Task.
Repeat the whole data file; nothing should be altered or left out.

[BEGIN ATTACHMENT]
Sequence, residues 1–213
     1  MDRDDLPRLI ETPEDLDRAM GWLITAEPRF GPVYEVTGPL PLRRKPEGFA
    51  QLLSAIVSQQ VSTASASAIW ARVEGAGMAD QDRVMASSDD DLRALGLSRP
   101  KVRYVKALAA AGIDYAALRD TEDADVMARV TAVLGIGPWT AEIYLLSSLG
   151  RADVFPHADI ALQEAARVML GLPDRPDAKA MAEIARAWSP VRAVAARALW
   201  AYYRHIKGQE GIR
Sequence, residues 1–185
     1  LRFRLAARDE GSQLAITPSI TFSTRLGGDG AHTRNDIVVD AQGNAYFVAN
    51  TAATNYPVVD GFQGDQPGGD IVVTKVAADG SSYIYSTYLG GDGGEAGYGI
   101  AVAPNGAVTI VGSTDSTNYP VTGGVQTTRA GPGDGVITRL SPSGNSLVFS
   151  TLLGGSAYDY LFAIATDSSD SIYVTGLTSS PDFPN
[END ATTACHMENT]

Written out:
Sequence, residues 1–213
     1  MDRDDLPRLI ETPEDLDRAM GWLITAEPRF GPVYEVTGPL PLRRKPEGFA
    51  QLLSAIVSQQ VSTASASAIW ARVEGAGMAD QDRVMASSDD DLRALGLSRP
   101  KVRYVKALAA AGIDYAALRD TEDADVMARV TAVLGIGPWT AEIYLLSSLG
   151  RADVFPHADI ALQEAARVML GLPDRPDAKA MAEIARAWSP VRAVAARALW
   201  AYYRHIKGQE GIR
Sequence, residues 1–185
     1  LRFRLAARDE GSQLAITPSI TFSTRLGGDG AHTRNDIVVD AQGNAYFVAN
    51  TAATNYPVVD GFQGDQPGGD IVVTKVAADG SSYIYSTYLG GDGGEAGYGI
   101  AVAPNGAVTI VGSTDSTNYP VTGGVQTTRA GPGDGVITRL SPSGNSLVFS
   151  TLLGGSAYDY LFAIATDSSD SIYVTGLTSS PDFPN